Without fanfare Sony has quietly discontinued their AIT line of data storage products according to a message on their storage website. This announcement impacts thousands of Sony customers and quite a few of our own who have used AIT as a video archive and back-up system to back up video content from a broadcast automation system, video on demand library, an archive of public meetings or other unique local content.
AIT, known as Advanced Intelligent Tape, was first launched in 1996. New generations of drives and tape cartridges were introduced over the years that provided faster back-ups and larger video storage capacities with each iteration. One of the key advantages Sony provided was backward and forward compatibility which enabled users to upgrade their drives without having to convert existing archives to a new generation to maintain access and continuity. This feature saved countless hours and money because content stored on an early version of AIT did not have to be moved to a newer version.
Unfortunately the archive and backup industry has faced this problem many times before as multiple tape and optical disc formats have come and gone over the last 20 years and every time this happens it starts a process of identifying the next best format and every user of a discontinued format must migrate all of their content from the dead format to the new format.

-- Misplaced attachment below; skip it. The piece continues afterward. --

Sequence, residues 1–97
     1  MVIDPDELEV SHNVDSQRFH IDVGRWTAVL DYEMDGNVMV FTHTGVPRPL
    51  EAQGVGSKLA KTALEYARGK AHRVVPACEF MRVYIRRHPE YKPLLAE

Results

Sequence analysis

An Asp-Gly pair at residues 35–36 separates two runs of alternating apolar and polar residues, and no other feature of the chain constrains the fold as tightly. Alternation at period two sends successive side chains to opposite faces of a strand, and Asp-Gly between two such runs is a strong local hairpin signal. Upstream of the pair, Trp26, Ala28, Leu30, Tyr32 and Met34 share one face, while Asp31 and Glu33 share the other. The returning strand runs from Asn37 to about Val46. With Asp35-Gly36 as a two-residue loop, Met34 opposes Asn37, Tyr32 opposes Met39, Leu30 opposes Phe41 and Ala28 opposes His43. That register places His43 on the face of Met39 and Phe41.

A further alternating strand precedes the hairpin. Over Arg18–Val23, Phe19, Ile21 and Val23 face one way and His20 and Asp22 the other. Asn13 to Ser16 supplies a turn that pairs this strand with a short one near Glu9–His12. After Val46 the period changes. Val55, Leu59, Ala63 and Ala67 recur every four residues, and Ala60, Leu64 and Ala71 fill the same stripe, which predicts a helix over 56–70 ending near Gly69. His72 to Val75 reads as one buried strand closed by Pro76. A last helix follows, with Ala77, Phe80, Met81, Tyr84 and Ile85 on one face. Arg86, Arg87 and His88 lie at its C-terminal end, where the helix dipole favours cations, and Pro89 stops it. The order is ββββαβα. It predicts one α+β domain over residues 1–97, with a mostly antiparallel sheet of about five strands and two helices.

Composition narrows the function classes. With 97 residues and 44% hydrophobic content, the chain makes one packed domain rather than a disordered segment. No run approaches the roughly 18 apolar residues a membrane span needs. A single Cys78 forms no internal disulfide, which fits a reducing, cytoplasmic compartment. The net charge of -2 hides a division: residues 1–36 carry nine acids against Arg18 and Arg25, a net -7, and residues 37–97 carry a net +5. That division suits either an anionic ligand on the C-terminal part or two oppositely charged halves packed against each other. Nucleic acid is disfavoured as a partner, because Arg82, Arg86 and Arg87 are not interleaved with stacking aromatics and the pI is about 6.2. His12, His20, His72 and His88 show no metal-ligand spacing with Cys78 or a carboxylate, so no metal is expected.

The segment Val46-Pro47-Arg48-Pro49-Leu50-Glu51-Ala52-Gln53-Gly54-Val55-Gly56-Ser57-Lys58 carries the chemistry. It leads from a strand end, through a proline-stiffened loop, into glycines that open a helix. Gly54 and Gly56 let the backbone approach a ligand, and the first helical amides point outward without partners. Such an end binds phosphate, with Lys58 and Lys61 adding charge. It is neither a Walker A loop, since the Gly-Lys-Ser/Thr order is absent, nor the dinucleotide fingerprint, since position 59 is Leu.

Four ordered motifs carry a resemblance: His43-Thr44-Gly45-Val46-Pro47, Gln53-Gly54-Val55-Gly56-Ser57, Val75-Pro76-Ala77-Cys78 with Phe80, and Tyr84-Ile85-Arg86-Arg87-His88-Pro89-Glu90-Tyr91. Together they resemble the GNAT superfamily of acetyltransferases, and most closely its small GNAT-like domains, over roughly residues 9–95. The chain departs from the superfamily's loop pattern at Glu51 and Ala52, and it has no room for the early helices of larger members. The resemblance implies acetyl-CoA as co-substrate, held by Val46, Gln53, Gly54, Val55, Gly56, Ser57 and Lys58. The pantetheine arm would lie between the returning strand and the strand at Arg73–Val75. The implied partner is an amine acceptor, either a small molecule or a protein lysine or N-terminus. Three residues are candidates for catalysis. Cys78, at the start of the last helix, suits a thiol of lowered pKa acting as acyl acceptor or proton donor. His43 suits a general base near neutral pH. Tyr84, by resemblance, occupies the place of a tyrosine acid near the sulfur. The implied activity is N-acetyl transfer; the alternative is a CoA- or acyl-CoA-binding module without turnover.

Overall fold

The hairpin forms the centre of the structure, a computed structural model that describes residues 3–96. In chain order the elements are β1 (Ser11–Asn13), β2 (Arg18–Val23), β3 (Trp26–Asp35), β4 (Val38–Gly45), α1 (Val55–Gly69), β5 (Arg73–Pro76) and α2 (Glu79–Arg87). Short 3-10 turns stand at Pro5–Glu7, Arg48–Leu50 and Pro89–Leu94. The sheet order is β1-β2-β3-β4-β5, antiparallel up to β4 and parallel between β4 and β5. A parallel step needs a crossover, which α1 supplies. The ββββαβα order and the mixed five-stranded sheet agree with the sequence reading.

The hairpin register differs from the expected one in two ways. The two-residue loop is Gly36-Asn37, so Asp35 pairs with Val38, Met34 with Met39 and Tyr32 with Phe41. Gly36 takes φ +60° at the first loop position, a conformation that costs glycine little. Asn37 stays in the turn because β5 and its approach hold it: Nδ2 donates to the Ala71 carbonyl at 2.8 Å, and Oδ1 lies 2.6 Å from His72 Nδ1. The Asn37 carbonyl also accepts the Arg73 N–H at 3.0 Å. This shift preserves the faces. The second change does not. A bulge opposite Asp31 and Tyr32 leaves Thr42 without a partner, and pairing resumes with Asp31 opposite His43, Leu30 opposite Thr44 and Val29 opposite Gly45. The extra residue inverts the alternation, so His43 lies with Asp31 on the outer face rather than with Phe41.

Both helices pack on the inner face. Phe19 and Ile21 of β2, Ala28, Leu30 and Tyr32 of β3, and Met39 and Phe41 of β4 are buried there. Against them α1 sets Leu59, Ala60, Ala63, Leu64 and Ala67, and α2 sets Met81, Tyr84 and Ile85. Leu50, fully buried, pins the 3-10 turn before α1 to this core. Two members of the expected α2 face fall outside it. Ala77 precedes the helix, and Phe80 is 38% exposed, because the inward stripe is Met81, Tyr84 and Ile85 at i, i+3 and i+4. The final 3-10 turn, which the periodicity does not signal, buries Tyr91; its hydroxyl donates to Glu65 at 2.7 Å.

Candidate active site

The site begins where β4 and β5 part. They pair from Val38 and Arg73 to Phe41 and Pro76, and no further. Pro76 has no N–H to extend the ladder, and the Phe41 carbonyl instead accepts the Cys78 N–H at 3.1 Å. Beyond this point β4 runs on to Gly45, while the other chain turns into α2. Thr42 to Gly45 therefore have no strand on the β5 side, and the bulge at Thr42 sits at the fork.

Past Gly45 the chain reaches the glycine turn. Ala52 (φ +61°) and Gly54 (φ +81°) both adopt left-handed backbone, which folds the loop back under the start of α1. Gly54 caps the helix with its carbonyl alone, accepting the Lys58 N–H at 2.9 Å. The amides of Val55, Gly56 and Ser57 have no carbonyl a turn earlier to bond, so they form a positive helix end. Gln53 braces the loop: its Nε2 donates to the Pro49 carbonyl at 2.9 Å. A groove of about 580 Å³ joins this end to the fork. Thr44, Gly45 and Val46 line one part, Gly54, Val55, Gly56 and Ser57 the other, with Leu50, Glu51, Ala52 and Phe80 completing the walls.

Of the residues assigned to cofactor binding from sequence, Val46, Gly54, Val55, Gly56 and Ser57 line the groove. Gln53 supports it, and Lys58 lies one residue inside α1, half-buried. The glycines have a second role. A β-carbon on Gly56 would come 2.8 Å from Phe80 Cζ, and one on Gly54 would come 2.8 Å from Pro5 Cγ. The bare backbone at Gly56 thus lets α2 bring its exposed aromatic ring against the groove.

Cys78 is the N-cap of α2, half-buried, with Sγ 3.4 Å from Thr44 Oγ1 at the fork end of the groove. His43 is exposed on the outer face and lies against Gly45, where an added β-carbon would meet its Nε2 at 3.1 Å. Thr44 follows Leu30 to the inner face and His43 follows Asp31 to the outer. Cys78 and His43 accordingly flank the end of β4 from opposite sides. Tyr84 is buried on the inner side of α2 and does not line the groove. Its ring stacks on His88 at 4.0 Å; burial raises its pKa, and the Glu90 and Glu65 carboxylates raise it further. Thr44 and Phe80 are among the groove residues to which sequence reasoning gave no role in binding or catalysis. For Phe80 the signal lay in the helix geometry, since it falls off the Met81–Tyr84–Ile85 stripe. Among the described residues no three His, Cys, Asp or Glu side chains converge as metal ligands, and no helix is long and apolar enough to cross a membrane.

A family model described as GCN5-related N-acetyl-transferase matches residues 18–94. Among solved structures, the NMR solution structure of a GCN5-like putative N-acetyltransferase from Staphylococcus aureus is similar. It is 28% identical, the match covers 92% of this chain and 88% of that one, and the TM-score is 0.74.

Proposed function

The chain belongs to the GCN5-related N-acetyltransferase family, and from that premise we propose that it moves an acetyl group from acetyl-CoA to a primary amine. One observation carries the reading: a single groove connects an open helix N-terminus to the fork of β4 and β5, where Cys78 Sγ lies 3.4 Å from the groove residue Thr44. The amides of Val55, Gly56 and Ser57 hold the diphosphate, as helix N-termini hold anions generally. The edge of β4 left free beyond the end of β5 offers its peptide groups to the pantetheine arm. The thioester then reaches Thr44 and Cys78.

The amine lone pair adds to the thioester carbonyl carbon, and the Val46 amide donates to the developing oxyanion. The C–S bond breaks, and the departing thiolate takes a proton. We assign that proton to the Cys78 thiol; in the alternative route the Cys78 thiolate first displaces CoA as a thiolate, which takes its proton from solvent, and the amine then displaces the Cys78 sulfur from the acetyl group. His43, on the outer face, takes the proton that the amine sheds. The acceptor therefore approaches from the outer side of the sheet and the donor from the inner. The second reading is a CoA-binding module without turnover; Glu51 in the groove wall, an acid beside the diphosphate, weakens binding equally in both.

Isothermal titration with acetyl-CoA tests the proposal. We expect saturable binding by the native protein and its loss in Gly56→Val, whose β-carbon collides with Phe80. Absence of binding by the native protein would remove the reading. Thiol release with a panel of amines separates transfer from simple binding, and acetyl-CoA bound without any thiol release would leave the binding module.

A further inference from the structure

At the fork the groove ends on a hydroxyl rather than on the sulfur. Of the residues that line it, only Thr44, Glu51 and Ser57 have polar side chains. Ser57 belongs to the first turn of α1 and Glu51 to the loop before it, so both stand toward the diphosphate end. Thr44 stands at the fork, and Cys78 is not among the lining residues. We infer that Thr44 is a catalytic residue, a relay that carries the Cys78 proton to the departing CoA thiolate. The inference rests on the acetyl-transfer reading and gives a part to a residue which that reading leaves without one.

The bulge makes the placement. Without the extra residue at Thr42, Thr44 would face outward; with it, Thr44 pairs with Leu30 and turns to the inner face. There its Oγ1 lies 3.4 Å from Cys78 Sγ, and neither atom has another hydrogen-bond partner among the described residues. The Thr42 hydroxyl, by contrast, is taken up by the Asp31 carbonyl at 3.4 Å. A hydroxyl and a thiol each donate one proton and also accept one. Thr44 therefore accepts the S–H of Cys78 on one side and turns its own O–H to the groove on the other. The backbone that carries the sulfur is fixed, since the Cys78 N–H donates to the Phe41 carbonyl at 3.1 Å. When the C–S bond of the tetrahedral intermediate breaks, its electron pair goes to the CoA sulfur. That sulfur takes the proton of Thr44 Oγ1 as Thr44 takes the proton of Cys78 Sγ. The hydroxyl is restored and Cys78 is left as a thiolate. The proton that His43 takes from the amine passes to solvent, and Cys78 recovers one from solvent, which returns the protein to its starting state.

If a migration from the old format to a new format is not done it produces a condition called DataRot. DataRot occurs when a format changes and through the attrition of equipment (i.e. the drives are no longer available) the data becomes useless, an orphan on a dead format with no way to transition to a new home. The millions of VHS tapes in homes, schools and cable access stations across the county will become victim to DataRot as VCR’s are no longer being manufactured. Once the existing supply of VCR’s disappears anything remaining on tape is lost forever because there will be no equipment with which to play the tapes.
Now that Sony has discontinued AIT every existing user must determine how and when to move the data from their existing AIT tapes to a new home. Key considerations include:
- Estimating the future growth of your video content over the next few years for planning purposes,
- Determining what archive route to take for the future and,
- When to begin the migration process…the longer the delay the more risky the proposition.
Because there are many areas to include we will devote several more articles to this process over the next few weeks as a way to sort out the issues and explore the various options available to anyone who might be caught in a potential DataRot situation.
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